Tuesday, August 25, 2015

Travel Photography Tips for Beginners

Traveling and photography are two closely related hobbies. They complement each other like rain to river and vice versa! If you’re already an enthusiastic traveler but a rookie in the field of digital photography this article is just the one you need to go through at this moment. I’ll be brushing you up with ways to be more stable, ready, comfortable and tuned up to your camera while traveling with these easy travel photography tips.

<00> Choosing the right camera has a significant role on your travel photography. If you’re yet to buy your first point and shoot (P&S) camera and contemplating on purchasing one then better give a read through my article on How to choose your first P&S camera. Why I’m telling you to take the extra labor is- 30% of travelers I come across in my trips struggle badly with their gears and 90% of them carry a DSLR. They’re either not accustomed to carry a weight around their neck or too indifferent to change settings/lens as per the requirement of the scene, thus missing good photographic opportunities! Here, the term ‘right camera’ doesn’t point to the camera best suitable for your destination and subject. It simple means a camera that suits your hand-eye-mind coordination the best. Am I making sense to you?

<01> Never risk taking your newly purchased camera unless it’s your one and only photographic gear. Either spend a week before the trip with your new photographic gadget or show some faith on your old camera for one last time. In my last trekking expedition I met an engineer who had turned up with an ‘out of the box’ camera and faced difficulty in finding proper options/settings/functions throughout the trek. Can you really enjoy traveling with half occupied mind?

<02> Inquire from locals about the time of the day when the crowd around a tourist attraction is minimum and target the place with your camera at those heavenly hours. You’ll have more angles and spaces to try your photography. Naturally your composition will be more subject-oriented and free from distractions. You’ll be free to try this only if you’re not in a package tour, otherwise trust on your luck.

<03> For sunrise and sunset shots try to find some steady support like wall, rock, wooden structure etc and then compose your frame keeping the camera over it ensuring that it’s stable enough not to topple down your gear with the knock of moderate wind. After you’re satisfied with the composition abandon the urge of pressing the shutter and let the ‘self timer’ mode do some work. All these efforts will give you crispier images in low light conditions and your friends may pamper with silly questions like “Are you using a DSLR man?”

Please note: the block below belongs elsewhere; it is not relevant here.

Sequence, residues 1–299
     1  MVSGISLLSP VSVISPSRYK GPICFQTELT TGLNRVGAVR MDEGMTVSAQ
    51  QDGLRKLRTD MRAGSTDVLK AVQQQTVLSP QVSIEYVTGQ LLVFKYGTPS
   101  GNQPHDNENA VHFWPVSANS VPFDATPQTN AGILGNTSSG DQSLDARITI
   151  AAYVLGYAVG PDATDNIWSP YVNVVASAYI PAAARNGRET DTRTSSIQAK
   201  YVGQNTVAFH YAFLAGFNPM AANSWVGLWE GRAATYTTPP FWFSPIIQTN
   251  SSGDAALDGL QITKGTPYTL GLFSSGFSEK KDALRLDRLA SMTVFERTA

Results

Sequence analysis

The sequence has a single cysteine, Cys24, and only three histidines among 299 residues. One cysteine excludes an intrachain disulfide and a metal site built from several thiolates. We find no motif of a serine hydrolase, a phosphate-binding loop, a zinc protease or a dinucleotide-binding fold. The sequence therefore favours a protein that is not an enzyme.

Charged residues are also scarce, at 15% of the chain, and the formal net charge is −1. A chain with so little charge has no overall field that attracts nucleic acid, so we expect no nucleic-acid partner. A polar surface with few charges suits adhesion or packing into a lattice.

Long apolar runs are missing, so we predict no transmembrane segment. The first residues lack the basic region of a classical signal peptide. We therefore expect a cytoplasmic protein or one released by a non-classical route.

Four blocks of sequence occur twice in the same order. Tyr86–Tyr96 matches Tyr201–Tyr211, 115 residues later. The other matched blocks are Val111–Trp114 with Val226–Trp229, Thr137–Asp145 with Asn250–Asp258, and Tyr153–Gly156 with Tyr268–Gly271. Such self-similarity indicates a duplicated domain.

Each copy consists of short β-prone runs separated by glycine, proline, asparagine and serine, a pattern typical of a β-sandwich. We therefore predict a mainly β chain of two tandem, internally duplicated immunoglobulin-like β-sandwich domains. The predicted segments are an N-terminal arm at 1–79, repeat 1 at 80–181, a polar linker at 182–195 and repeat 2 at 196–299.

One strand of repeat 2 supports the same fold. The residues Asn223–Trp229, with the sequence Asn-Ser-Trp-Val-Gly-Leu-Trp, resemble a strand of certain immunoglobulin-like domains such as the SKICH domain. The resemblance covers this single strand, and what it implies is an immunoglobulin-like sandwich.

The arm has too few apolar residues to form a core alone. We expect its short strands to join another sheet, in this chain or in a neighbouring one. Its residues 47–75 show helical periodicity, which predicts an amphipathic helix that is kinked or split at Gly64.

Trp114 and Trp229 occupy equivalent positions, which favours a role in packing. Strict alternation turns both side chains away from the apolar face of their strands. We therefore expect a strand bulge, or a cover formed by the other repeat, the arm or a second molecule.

<04> When you’re inside a moving vehicle avoid temptation of popping your camera out of the window and take shots, primary reason being your safety and not to ignore the harm dust particles can inflict to your camera lens/sensor! If at all you’ve to capture, do it from the level of the window or occupy the co-driver’s seat and exploit the wide windshield view.

<05> Look for ways to conserve your physical energy plus mental zeal for photography. Usually in a trip we end up exhausting ourselves by unplanned activities resulting from hyper-excitatory state of mind or while trying to curtail the budget. Sometimes we hike too fast, eat too much or travel a lot in a single day. We may forget to judge whether it’s value for money in an impulse to save money and opt for inferior transport or lodging. Later we end up like consumed batteries. In such circumstances we lose our enthusiasm for photography and even if we click there’ll be dozen of factors to deteriorate the image quality- shaky hands, loss of patience, creative apathy etc to name a few. Wise planning of itinerary is a huge deciding factor for this, so, better be insightful!

Saturday, August 15, 2015

Garh Panchkot - historical ruins at the foothil of Panchkot

Garh Panchkot - historical ruins at the foothil of Pachkot
If you remember, my last motorcycle ride was a half day trip to Kalna, when I had blogged about those Terracotta temples. Before the rainy season hung up its boots another monsoon ride was in my photo-hunt wishlist. A brief web research narrowed down my destination options to- Susunia Hill, Maithon Dam and Garh Panchkot. Among these day-trip destinations, only Garh Panchkot could offer everything- a hill (Panchet/ Panchkot Hill), architectural ruins and the renowned Panchet Dam at its vicinity. Of late Google Map acts as my GPS and seldom I need to ask local people for road directions. The 320 kilometers of ride (80% on NH-2) was butter smooth and there was not a drop of rain to halt my zeal! Garh Panchkot is a ruined fort located in the Western part of West Bengal at the southern foothills of Panchkot/Panchet Hill (2100 feet) in the district of Purulia. Ruins of the fort, palace and a group of temples are is still standing as silent witness of the rise and fall of the Singh Deo dynasty and also the Bargi attack during the 18th century.
Garh Panchkot - historical ruins at the foothil of Pachkot
Before arriving at Garh Panchkot I had visited the Panchet Dam which I'll be blogging in my coming post. If you drive via Panchet you'll love the brief transition between the states of West Bengal and Jharkhand and surely you'll be rewarded with many picturesque landscapes. The temples of Garh Panchkot are of different architectural styles- the principal one being a 'Pancharatna' temple accompanied by 'Jor-Bangla' pattern and more than one 'Pirha' type temples made of stone. The Pancharatna Temple still carries some damaged yet extremely beautiful piece of presumably pre-Muslim period terracotta works on its arches and pillars. Right now it looks less photogenic due to ongoing repair works but hopefully it'll be restored to some extent soon. I'll post few close photos of this Pancharatna Temple in a separate post. There is a perennial spring bit uphill from these structural ruins but the scorching overhead sun suppressed my motivation to explore that. Tourism department is making a guest-house near these temples and I can imagine how romantic it'll be for any tourist to spend a full moon night under the thickly forested hill, amidst dilapidated architectures and intermittent historical whiffs.